37:23.60N 25:15.74E Delos

Ariel of Hamble
Jim and Valerie SHURVELL
Sat 20 Jun 2015 18:16



17th June, 2015.


We had a quiet night on anchor in South Bay once the noisy day trip boat went away at 7.30 p.m.  There was a big thank you from everyone as they motored out of the bay.


Uninhabited Delos is the next little island about 10 minutes motoring from South Bay.  It is famous as the birth place of Artemis and Apollo. The Ionians arrived in about 1000 BC bringing the worship of Apollo and founding the annual Delia Festival during which games and music were played in his honour.  By 700 BC Delos was a major religious centre.  First a place of pilgrimage and later became a thriving commercial port particularly in the 3rd and 2nd centuries BC. It is now an open air archaeological museum. 


I didn’t get ashore as the charter boat behind us went on the move moving towards the rocks.  The people on board had only been ashore ten minutes when it started on its way.  We pumped up the air horn and motored up towards the entrance to the ancient site making as much noise as possible in order to attract their attention.  No use and by this time the boat by the name of Frixos from the charter company Paralos Yachts was now making its way sideways off down the bay.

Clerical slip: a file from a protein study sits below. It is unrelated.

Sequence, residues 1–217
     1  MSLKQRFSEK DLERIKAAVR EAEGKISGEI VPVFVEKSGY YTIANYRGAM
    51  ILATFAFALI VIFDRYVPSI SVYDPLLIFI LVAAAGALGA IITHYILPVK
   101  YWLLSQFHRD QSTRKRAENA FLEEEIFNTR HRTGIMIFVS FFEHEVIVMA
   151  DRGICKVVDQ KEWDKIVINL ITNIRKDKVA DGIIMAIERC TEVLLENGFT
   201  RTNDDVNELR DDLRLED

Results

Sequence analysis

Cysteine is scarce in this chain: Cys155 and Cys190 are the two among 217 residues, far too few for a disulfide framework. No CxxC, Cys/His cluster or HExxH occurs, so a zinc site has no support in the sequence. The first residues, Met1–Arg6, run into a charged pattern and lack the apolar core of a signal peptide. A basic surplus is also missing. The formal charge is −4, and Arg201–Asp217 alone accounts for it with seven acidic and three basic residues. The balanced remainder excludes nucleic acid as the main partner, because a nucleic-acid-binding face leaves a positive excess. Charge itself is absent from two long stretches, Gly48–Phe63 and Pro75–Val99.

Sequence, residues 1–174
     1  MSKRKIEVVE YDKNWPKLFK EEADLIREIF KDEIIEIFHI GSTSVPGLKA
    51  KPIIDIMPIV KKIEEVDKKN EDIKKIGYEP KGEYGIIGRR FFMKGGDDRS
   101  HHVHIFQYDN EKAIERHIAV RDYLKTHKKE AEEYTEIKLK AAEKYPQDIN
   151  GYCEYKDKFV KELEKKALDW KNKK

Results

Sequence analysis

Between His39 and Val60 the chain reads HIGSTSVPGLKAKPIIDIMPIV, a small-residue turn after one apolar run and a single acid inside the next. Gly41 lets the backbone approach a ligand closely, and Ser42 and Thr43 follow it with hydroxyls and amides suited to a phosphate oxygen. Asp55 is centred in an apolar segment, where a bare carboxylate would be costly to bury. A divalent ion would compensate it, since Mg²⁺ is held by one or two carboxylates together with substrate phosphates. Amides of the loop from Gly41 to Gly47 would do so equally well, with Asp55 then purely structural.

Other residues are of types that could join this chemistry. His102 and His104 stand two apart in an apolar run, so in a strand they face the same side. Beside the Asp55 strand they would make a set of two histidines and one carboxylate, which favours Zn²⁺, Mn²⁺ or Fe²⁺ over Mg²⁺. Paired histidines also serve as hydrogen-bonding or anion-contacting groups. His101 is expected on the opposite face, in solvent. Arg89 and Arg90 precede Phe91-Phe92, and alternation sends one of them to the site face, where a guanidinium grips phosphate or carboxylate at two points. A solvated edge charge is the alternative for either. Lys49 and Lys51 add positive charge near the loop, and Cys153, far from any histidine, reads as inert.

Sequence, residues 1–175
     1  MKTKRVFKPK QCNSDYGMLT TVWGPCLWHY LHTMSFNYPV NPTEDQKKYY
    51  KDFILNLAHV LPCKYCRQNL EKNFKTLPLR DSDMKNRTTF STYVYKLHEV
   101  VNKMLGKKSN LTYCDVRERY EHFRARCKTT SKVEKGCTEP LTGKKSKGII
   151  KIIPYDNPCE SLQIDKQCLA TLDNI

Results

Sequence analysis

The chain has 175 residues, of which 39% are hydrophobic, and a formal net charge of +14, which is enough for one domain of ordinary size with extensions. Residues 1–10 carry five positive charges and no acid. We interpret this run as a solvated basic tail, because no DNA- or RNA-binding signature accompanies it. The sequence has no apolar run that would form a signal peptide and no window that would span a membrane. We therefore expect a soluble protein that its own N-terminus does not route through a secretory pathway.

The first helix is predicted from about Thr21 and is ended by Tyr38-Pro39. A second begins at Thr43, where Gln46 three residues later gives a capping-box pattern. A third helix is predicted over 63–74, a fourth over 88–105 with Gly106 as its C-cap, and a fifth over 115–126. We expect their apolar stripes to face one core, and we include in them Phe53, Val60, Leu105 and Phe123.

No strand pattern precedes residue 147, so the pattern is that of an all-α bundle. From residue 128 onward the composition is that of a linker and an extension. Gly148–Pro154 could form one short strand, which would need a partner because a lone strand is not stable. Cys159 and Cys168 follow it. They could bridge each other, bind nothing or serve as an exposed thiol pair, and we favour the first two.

It was no good we couldn’t do nothing so we motored towards it and managed with all the fenders on the starboard side of Ariel and lines ready catch it and strap it to us just before it disappeared out of the bay making for Paros or North Africa.  A Danish guy who had been watching came down the bay in his rib which was now back from the ancient site to give a hand.  He knew the Bavaria didn’t need a key and helped bring up the anchor which only had about 15 metres of chain down.   Jim then motored the two boats up the bay which took about half an hour as the wind was now beginning to blow even more.  We anchored Frixos with about 50 metres of chain and untied her and motored away now we were happy she was safe.


After leaving a written message and our boat card we heard nothing from the charterers who turn out to be Cruising Association members until 17.00 when they had berthed at Tinos probably prompted by an email to their charter company who said they would contact them. Mrs. Hanna Stone phoned to apologise.  Not sure she has any idea of the problem she would have if the boat had continued on its way.


Jim couldn’t see a boat be damaged without trying to help.  We had tried to get their attention with the air horn, tried to get a fishing boat which had tied up on Rinia but we think the two chaps had gone ashore and even tried calling the coast guard to no avail.


Therefore, as the wind was picking up all the time we decided to sail on for Siros and hide in the harbour as the weather is forecast to blow strongly on Friday.  This is the Cyclades where the wind blows more than anywhere else.

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